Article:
USDA NASS estimated 26% of Nebraska’s corn acres had been planted as of May 2, well behind last year’s pace of 45% and slightly behind the five-year average of 31%. The pace is undoubtedly being affected by the amount of precipitation across the state and the wet field conditions (Figures 1 and 2).
Planting may be in the front of everyone’s mind, but we do not want to lose sight of nitrogen (N) management. With the extra moisture, water movement through the soil creates reason for concern. If N fertilizer was applied either last fall or this spring before the past few weeks of rains, potential loss of N is likely.
Most inorganic N is in the form of nitrate. Nitrate comes from fertilizer N applied, as well as N mineralized from soil organic matter and plant residues. Nitrate in soil is subject to leaching losses when excess water drains below the active rooting depth, which is about 3-4 feet for corn. In the last two months (March and April) most areas across Nebraska have seen significantly more rainfall than long-term averages for the same period (Table 1), causing many producers to wonder if their fields are at risk for nitrate leaching.
Estimating Nitrate Leaching Risk across Nebraska as of May 1
The University of Nebraska-Lincoln publishes an N modeling tool, Maize-N, that estimates corn N need and potential N losses based on historic and current weather data. Using real-time weather data as of May 1, 2016, simulation results of the Maize-N model suggest soils in most corn and soybean areas are likely very wet, with moisture content around field capacity. Some areas have been at this level for the past one to two weeks. As soil hardly retains water above field capacity, excess rainfall likely has drained down through the soil profile below soil rooting depth along with the nitrate in the soil water. In addition, nitrate that did not leach below the 3-4 foot depth is still at risk for further soil water movement, which could leach additional N beyond crop roots.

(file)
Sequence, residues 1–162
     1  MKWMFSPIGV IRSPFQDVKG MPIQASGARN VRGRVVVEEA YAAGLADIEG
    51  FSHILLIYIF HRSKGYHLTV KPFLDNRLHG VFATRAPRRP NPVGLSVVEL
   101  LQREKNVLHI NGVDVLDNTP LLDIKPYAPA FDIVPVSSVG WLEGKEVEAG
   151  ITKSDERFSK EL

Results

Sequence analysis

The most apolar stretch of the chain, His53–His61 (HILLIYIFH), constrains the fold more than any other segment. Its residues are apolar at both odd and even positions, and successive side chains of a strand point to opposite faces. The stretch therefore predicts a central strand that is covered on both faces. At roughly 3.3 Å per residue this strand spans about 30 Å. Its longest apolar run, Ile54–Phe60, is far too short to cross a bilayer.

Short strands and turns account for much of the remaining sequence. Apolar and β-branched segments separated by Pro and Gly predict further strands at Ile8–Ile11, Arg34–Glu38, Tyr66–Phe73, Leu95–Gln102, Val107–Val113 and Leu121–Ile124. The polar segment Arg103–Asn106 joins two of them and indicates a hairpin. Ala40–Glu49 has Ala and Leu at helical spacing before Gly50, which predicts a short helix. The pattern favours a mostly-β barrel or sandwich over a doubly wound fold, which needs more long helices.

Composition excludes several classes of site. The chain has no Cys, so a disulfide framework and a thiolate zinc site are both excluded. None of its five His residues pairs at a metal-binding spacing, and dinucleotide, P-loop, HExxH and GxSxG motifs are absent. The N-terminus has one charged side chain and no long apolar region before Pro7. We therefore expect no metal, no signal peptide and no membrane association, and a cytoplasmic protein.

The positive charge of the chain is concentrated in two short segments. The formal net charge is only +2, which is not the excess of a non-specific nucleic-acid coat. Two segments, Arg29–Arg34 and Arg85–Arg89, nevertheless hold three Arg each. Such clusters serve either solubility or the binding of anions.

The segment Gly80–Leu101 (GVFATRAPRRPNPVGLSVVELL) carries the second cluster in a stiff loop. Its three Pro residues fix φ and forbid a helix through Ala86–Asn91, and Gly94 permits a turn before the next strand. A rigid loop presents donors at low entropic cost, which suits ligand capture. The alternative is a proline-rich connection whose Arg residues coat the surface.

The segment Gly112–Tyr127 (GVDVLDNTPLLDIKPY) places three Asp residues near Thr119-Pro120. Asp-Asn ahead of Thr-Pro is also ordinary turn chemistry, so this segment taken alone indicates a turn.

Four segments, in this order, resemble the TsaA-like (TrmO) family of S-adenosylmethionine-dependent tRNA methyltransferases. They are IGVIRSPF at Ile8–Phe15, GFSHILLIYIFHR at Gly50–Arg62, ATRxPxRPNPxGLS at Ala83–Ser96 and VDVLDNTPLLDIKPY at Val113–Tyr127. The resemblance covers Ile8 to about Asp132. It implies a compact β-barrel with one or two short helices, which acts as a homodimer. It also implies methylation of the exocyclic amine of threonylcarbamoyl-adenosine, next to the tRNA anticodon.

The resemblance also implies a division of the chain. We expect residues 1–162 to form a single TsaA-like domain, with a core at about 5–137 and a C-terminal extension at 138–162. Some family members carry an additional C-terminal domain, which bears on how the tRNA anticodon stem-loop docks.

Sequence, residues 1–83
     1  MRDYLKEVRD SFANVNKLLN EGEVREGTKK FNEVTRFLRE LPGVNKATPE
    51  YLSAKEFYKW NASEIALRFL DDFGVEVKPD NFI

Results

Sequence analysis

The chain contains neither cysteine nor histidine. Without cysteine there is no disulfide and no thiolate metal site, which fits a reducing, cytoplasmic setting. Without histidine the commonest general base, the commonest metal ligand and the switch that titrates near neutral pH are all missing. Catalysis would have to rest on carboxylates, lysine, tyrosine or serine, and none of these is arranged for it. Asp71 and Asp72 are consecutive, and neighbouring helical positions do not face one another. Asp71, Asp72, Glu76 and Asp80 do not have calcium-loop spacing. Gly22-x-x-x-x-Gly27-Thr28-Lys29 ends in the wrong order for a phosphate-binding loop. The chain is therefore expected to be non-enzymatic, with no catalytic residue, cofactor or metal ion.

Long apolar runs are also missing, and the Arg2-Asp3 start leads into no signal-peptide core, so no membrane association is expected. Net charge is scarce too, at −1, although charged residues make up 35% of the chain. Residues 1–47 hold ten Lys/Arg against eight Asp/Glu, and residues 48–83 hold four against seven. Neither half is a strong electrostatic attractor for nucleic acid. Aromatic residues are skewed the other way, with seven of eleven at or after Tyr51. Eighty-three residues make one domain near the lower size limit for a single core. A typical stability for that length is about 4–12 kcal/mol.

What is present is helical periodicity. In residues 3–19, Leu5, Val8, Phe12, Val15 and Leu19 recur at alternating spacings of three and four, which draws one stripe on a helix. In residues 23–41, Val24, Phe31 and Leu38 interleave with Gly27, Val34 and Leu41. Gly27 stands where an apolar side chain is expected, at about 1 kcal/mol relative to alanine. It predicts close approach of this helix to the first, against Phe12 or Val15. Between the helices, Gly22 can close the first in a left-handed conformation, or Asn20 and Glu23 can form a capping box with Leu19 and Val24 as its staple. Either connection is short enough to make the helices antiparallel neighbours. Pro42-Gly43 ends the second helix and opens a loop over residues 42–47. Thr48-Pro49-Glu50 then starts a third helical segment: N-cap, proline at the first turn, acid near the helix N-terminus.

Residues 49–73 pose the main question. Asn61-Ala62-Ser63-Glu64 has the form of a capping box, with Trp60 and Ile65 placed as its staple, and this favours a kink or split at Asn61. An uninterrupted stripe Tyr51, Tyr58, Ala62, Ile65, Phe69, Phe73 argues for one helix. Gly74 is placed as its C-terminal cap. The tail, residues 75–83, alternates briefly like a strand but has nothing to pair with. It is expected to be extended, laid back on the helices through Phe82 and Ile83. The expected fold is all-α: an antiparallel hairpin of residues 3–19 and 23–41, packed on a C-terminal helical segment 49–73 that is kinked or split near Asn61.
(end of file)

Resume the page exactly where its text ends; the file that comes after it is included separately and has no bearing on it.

Table 1. Total rainfall from March 1 to May 1 2016 in comparison to long-term averages at locations across Nebraska and estimated current soil moisture status and possible amount of nitrate leaching losses. This assumes soil texture of silty clay loam with root zone soil moisture approximately 70% of field capacity in early March 2016. All weather data are from HPRCC-AWDN.
March 1-May 1
|Current root zone
% of total
|Clay Center||1.8||5.4||Very wet||8|
|Grand Island||2.5||6.1||Very wet||14|
|North Platte||1.7||6.5||Very wet||17|
|*Near field capacity|
Assuming a silt clay loam soil texture and soil moisture around 70% of field capacity in the beginning of March, the Maize-N model estimated nitrate leaching at approximately 14% of the total nitrate remaining in mid-April 2016. The risk of nitrate leaching is relatively greater for northeast Nebraska, including Ord, West Point and O’Neill, as well as southwest Nebraska, including Holdrege, McCook, and North Platte. North Platte’s risk of N leaching may be high this spring. For lighter soil textures the risk of nitrate leaching is greater while the opposite is true for heavier textures. For example, the average nitrate leaching was estimated to be 23% of total nitrate present in mid-April assuming sandy loam texture for all locations while the corresponding value was 9% for clay loam for all locations.